The minimum wage for tipped employees for 2007 is $6.75, less tips actually received by the employee. However, the wages paid may not go below $2.13 per hour regardless of the amount of tips received by the employee.
What kind of benefit does an employer receive if they provide health care to their employee?
An employer who pays at least $2,500 annually for an employee's health-care or child-care benefits receives a $1.00 per hour reduction in the minimum wage requirement. The exact language of the ordinance reads: “For employers who provide healthcare and/or child-care benefits to an employee during any pay period for which the employer pays an amount for those healthcare benefits equal to or in excess of an annualized cost of $2500.00, beginning January 1, 2007, the Minimum Wage for that employee shall be an hourly rate of $5.75, in addition to the healthcare benefits and/or child-care benefits, beginning January 1, 2008, the Minimum Wage for that employee shall be an hourly rate of $6.15, in addition to the healthcare and/or child-care benefits, and beginning January 1, 2009, the Minimum Wage for that employee shall be an hourly rate of $6.50, in addition to the healthcare and/or child-care benefits.”
We offer health insurance to regular full-time employees. An employee is eligible for health insurance the 1st of the month following a 90-day waiting period, which begins on their hire date. While a regular employee is in the waiting period, must they be paid $6.75/hr or can they be paid less?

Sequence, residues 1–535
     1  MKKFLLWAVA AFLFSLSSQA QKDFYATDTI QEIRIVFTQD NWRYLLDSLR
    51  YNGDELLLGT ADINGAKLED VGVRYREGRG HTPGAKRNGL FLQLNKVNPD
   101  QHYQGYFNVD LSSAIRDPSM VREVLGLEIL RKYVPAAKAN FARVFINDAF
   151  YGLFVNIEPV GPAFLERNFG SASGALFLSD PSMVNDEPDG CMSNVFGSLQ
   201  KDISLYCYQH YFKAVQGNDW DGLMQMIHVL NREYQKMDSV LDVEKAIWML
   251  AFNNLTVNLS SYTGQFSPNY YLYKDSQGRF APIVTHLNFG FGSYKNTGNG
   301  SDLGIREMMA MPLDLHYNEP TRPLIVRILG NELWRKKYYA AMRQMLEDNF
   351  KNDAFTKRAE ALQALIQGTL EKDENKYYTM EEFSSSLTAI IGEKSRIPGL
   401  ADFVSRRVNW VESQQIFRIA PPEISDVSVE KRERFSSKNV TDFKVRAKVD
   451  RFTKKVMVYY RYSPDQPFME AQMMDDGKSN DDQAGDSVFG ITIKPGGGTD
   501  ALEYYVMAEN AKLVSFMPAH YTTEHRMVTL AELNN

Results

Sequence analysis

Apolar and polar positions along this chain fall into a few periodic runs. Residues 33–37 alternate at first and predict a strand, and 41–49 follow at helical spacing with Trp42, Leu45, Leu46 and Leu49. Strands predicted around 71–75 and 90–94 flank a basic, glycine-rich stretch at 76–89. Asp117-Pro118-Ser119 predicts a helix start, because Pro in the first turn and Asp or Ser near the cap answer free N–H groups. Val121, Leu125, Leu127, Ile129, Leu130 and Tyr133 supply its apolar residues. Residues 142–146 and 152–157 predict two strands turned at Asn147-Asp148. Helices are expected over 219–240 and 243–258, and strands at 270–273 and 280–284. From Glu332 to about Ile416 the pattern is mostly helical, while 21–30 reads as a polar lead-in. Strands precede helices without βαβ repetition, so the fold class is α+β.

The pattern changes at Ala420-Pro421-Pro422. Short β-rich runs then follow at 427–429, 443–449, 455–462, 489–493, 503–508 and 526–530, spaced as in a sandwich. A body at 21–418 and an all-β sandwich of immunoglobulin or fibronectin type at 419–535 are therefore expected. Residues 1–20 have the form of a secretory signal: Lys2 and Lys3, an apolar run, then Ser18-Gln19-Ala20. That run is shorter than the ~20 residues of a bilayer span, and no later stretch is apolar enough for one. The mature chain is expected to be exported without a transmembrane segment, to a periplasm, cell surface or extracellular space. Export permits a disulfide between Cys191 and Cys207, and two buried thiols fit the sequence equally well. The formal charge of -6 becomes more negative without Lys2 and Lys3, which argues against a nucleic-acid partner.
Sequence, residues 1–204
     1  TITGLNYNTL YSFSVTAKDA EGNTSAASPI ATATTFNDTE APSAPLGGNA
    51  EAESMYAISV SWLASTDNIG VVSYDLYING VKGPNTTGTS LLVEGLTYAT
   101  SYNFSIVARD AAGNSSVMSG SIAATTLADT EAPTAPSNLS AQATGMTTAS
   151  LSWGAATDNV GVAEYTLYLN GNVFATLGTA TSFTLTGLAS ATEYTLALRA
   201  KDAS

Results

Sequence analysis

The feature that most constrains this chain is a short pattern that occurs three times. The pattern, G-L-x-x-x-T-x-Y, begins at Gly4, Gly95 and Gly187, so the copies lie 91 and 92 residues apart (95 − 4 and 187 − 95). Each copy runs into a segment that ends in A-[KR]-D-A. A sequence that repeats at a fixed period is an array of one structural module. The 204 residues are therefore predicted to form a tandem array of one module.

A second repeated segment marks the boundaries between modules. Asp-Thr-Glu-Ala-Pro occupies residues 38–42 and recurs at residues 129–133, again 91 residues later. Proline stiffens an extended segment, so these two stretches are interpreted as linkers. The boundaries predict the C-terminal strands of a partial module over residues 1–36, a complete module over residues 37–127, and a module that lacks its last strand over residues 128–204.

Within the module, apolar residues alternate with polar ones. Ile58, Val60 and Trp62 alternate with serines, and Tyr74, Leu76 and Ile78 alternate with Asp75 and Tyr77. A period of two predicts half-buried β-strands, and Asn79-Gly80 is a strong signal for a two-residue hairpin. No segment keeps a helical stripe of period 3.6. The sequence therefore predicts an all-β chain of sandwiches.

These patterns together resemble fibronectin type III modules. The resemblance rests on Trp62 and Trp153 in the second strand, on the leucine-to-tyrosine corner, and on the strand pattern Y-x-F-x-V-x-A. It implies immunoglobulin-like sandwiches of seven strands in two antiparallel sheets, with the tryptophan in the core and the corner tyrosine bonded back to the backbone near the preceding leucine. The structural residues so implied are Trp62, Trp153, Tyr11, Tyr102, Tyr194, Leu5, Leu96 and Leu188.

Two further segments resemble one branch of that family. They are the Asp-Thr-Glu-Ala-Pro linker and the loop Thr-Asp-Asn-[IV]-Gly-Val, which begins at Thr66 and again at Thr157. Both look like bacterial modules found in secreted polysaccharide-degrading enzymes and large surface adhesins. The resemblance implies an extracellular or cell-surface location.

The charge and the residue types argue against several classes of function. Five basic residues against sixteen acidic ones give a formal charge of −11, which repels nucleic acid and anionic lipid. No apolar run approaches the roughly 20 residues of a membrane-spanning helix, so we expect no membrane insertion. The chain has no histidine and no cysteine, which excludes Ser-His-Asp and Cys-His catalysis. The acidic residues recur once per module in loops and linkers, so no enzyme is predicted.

The credit for providing health insurance only applies once the insurance is actually being paid by the employer. If there is a period at the start of employment when the employee is not eligible for the insurance then the employee must be paid the minimum wage, $6.75, during that period. The ordinance is designed to encourage employees to obtain health insurance. The ordinance also recognizes that there are employees trying to survive on a minimum wage that cannot afford health insurance. If an employee declines to accept the health insurance offered, that employee must be paid the minimum wage of $6.75 per hour. If the health insurance is accepted and has a cost to the employer of $2500 per year, the minimum wage is dropped to $5.75 per hour.